New UK Athletics head coach Peter Eriksson insists he will be searching inside Lawrence Okoye’s head as he bids to help him put his London 2012 nightmare firmly behind him.
Croydon Harrier Okoye, pictured, was in with a genuine shout of a podium finish on his Olympic debut at London 2012 this summer, heading to Stratford ranked fourth in the world in the discus.
But, despite matching his world ranking in qualifying, it all unravelled for the 21-year-old and he finished 12th and last in the final, leaving him questioning his future in the sport.
Okoye decided to stick with athletics, shunning a return to rugby, and will be looking to prove to Charles van Commenee’s replacement Eriksson that he made the right choice.
Eriksson is already impressed by what he sees in Okoye, although he admits that talent is only half the fight and that he must win the battle in their mind first and foremost.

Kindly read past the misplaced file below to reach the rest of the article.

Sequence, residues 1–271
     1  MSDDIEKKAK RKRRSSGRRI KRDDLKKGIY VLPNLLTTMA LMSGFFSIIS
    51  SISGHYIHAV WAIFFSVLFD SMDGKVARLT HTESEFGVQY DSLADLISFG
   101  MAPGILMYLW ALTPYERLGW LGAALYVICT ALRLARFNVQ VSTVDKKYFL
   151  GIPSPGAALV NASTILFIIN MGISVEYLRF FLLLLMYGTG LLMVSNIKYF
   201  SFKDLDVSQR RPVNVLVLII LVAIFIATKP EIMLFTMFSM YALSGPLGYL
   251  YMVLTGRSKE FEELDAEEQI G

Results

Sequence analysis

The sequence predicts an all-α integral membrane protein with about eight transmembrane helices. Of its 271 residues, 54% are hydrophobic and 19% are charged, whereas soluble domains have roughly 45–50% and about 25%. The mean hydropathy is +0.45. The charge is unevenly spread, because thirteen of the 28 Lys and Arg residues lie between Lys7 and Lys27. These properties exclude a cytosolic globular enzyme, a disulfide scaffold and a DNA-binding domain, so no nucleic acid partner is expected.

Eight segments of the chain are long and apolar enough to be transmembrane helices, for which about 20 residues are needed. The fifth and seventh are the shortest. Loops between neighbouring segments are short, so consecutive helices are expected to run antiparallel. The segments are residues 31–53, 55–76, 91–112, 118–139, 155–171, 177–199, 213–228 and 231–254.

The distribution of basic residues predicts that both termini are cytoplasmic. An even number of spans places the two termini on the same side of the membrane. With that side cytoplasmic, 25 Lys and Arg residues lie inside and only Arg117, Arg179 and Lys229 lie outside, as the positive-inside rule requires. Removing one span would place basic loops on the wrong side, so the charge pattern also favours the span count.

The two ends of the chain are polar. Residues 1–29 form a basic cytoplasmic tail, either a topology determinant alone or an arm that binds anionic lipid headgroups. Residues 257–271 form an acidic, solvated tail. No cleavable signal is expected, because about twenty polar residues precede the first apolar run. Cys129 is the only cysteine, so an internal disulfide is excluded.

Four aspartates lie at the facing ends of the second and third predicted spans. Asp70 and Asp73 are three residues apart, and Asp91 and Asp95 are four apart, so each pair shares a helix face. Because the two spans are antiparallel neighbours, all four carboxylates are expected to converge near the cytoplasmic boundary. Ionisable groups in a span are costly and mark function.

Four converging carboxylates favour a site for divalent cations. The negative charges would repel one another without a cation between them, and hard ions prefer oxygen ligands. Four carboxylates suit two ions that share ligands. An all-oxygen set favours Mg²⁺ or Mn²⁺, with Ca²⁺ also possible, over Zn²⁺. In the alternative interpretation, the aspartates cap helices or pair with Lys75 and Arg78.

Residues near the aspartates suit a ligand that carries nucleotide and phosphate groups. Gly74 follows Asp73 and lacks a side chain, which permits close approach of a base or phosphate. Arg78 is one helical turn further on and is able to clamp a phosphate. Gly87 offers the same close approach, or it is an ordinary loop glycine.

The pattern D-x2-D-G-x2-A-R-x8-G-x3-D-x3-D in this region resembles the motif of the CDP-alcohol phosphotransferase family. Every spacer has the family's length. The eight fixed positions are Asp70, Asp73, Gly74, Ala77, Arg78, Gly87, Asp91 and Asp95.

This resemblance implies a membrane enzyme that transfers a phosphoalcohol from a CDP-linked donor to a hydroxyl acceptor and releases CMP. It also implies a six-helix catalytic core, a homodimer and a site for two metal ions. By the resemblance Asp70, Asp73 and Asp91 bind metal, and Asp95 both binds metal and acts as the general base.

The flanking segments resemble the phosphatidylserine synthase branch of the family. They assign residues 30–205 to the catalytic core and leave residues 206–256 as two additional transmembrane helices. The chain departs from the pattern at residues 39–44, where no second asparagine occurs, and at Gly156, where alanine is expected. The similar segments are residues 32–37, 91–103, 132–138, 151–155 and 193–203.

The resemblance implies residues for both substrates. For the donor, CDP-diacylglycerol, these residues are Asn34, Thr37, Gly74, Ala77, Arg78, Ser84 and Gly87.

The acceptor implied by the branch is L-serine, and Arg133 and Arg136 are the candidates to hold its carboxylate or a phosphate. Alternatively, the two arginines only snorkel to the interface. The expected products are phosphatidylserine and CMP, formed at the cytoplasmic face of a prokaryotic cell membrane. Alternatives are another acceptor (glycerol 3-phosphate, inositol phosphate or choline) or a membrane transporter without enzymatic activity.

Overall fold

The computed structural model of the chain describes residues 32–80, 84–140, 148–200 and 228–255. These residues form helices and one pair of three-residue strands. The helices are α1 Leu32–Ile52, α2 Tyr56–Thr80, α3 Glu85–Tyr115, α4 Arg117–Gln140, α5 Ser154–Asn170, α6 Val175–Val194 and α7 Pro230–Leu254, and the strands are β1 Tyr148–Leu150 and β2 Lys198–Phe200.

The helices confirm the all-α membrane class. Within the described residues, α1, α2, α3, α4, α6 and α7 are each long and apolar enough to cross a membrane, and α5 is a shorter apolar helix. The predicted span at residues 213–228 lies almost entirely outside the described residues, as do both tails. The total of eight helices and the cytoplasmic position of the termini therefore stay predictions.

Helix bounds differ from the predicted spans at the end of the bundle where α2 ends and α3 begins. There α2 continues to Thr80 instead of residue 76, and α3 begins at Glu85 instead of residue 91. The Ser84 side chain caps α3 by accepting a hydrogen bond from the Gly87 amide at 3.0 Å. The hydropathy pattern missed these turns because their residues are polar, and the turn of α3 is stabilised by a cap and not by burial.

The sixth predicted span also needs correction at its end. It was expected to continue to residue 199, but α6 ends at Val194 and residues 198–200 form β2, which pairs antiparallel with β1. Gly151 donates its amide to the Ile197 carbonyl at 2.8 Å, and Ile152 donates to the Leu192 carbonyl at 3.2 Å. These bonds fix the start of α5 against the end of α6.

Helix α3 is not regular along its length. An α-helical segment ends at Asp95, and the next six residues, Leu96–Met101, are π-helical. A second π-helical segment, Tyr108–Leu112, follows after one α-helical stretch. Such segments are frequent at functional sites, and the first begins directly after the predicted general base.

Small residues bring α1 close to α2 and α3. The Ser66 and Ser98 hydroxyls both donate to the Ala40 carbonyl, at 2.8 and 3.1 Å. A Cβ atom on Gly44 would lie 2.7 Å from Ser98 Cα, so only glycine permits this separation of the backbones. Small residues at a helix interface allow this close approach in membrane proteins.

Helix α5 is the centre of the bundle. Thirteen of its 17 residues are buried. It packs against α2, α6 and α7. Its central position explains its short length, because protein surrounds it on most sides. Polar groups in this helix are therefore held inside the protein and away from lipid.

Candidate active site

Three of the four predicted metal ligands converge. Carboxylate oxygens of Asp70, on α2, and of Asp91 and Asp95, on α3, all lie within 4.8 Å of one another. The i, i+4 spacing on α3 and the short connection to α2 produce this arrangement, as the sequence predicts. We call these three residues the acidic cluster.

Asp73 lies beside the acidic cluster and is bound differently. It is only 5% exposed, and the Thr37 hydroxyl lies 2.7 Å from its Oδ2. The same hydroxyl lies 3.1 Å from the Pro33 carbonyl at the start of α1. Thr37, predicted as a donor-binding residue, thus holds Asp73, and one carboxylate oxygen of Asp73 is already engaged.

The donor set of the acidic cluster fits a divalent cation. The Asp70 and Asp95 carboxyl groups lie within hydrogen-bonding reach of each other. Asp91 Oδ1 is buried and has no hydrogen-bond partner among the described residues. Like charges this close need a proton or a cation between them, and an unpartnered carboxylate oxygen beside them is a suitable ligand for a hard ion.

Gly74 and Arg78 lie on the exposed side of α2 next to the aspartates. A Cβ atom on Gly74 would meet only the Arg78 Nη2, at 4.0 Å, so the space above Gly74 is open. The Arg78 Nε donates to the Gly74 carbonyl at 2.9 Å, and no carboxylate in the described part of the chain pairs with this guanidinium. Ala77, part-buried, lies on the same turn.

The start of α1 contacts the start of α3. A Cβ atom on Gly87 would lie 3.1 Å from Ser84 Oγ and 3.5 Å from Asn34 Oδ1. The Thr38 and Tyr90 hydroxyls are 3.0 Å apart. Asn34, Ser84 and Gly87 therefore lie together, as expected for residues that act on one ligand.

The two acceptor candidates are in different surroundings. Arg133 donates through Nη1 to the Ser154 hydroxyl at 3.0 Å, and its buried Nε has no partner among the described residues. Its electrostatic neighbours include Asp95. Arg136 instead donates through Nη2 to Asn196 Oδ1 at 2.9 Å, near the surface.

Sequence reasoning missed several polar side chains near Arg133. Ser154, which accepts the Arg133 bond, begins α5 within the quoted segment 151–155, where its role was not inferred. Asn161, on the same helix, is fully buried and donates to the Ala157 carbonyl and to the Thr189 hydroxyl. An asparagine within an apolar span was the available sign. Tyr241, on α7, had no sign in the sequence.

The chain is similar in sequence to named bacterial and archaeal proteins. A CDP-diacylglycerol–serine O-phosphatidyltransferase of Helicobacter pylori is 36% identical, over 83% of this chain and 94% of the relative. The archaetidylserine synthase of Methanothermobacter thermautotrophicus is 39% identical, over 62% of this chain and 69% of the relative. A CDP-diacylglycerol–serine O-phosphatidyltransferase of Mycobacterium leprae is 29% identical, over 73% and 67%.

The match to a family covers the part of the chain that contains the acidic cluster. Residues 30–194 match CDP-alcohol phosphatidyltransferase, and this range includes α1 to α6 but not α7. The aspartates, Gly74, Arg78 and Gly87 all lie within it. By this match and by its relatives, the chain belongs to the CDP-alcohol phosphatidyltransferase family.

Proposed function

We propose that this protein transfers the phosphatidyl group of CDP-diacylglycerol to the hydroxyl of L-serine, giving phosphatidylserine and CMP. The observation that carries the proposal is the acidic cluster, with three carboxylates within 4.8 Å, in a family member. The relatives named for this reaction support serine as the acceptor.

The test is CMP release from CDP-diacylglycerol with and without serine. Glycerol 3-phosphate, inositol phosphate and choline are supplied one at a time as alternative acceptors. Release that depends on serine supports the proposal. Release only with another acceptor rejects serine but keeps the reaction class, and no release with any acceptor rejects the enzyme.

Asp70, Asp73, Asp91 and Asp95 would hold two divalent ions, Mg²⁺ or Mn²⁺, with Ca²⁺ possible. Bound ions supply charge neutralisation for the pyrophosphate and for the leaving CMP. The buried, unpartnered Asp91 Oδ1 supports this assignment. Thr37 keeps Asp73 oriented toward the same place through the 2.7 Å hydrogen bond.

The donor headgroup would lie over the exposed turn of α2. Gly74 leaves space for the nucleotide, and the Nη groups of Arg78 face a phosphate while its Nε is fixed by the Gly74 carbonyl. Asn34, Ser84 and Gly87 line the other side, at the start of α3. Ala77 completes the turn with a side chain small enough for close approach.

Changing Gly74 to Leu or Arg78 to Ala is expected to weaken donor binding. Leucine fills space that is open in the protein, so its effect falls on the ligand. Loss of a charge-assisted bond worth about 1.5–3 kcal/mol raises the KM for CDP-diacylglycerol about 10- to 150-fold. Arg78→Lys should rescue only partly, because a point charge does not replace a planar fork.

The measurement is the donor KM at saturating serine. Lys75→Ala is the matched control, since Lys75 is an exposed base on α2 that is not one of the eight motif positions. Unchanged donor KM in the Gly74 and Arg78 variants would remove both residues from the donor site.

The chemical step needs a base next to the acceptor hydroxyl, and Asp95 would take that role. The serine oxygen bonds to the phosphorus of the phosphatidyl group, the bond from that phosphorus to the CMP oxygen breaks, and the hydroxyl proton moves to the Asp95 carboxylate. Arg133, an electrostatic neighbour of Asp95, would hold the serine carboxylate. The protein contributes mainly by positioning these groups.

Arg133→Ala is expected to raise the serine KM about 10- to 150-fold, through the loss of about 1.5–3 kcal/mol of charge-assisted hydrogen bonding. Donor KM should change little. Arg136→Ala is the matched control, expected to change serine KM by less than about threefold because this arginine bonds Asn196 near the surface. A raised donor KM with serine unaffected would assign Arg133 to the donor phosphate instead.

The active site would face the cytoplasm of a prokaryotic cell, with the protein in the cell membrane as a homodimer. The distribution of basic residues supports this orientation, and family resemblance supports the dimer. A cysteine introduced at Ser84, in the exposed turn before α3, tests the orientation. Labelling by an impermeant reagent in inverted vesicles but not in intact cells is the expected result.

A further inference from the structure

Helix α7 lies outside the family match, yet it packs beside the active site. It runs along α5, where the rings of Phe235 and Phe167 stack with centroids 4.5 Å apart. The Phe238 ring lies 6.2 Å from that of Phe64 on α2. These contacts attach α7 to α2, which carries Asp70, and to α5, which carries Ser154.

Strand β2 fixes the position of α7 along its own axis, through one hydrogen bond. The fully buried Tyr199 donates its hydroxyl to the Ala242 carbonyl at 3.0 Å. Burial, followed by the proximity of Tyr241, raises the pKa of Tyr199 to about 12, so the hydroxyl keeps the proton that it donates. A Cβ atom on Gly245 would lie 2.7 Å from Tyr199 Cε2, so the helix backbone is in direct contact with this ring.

“I think we have a lot of great young athletes and coaches on the Olympic side like Lawrence and I think we can do better and better as we continue,” said Eriksson, speaking at the UK Coaching Awards, supported by Gillette, where he won High Performance Coach of the Year.
“I think we have a lot of athletes under the age of 23 that we can take from medal contenders to medallists. The ground roots are already there and although it is a big leap I believe that we can do it.
“We have brought in Dr Steve Peters to work on the psychology side of things like he did with British Cycling and he will be important to help us out and prepare for the future because I think we can do much better on the psychology side of things.”
The first real chance that Okoye will have to impress new boss Eriksson will be at next year’s World Championships in Moscow.
Gillette’s support of the UK Coaching Awards follows its partnership with sports coach UK earlier this year as part of the ‘Great Starts’ campaign, introduced to celebrate coaches and inspire the next generation by awarding coaching grants.